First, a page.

Michael Hayes Q&A
By Garry Boulard
In a time when the confluence of droughts and expansive growth is overburdening water supplies and challenging the imagination of public policymakers, Michael Hayes thinks all levels of government could get a leg up on their water problems, or at least an informed perspective, by trying to better understand how droughts work.
As the executive director of the National Drought Mitigation Center on the Lincoln campus of the University of Nebraska, Hayes oversees a staff whose mission is to minimize the negative consequences of droughts in favor of planning and risk management.
Because droughts, like hurricanes and earthquakes, are wonders of nature that cannot be prevented, the National Drought Mitigation Center studies how they work, their patterns and effects, in the belief that the more that is known about droughts, the less deadly their societal and economic impact.
Q: How did the National Drought Mitigation Center come into being?
A: The inspiration for the center came out of a conference that was held in Portland, Ore., back in 1994. They were going through a big drought and the idea was aired at that conference that there should be one place, a national center, where droughts would be studied and the idea of mitigation and preparedness in dealing with them promoted.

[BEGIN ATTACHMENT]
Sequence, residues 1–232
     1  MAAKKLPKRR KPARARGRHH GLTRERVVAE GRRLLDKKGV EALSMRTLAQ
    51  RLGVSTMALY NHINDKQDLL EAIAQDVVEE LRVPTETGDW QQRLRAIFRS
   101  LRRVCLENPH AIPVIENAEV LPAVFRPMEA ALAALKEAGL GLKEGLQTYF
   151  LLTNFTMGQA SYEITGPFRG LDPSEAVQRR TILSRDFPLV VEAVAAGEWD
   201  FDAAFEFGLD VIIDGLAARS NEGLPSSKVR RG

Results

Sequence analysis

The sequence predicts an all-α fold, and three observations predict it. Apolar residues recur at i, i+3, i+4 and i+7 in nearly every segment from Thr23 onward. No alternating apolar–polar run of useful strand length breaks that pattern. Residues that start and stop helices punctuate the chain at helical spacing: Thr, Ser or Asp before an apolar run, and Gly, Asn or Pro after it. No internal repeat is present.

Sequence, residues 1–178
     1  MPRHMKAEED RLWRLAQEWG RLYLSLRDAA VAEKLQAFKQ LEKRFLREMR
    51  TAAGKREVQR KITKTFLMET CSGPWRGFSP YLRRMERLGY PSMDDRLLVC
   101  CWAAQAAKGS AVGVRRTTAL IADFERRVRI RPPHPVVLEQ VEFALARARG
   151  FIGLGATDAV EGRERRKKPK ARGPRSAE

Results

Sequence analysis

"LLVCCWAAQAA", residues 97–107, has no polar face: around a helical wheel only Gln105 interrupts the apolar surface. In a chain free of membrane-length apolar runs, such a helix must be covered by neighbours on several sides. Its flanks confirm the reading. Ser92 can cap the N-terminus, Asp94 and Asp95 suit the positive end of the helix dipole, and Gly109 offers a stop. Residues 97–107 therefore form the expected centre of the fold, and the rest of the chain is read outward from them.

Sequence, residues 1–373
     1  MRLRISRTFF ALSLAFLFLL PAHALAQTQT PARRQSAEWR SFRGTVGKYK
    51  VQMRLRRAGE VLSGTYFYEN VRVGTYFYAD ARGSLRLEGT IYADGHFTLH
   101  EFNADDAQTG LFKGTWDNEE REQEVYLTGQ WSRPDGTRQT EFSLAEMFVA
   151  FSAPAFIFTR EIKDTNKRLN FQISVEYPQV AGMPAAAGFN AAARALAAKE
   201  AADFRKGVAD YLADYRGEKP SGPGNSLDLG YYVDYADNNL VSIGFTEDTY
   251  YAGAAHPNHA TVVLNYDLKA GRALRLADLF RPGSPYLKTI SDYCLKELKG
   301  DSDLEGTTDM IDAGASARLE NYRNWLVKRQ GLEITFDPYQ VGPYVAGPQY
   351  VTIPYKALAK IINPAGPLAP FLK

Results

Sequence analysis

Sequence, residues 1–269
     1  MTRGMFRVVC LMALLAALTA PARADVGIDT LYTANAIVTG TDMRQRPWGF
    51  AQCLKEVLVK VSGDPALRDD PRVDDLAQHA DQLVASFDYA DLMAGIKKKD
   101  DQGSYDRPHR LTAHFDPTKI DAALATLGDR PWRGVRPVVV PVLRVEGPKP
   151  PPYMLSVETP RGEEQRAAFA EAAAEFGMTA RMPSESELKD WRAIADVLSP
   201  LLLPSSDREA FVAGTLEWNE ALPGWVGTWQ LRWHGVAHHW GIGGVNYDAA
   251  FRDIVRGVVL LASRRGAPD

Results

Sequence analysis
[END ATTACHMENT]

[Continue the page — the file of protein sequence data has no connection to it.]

Droughts are generally a normal part of climate, so therefore there are going to be droughts in the future no matter where you are in the United States. There is no getting away from them. That’s why it makes more sense from a public policy standpoint to do things to be prepared for them.
We very much emphasize the monitoring component. If you are doing a good job of monitoring precipitation and water conditions, then you can be pretty sure of being on top of a developing drought event.
Q: Is it just our imagination, or are we seeing more droughts now than before?
A: Well, you have to think first about what your definition of a drought is. That is one of the big problems—there really isn’t a universal definition. And that means that you can’t take a definition that might apply in Colorado and take it to Georgia and have it work there.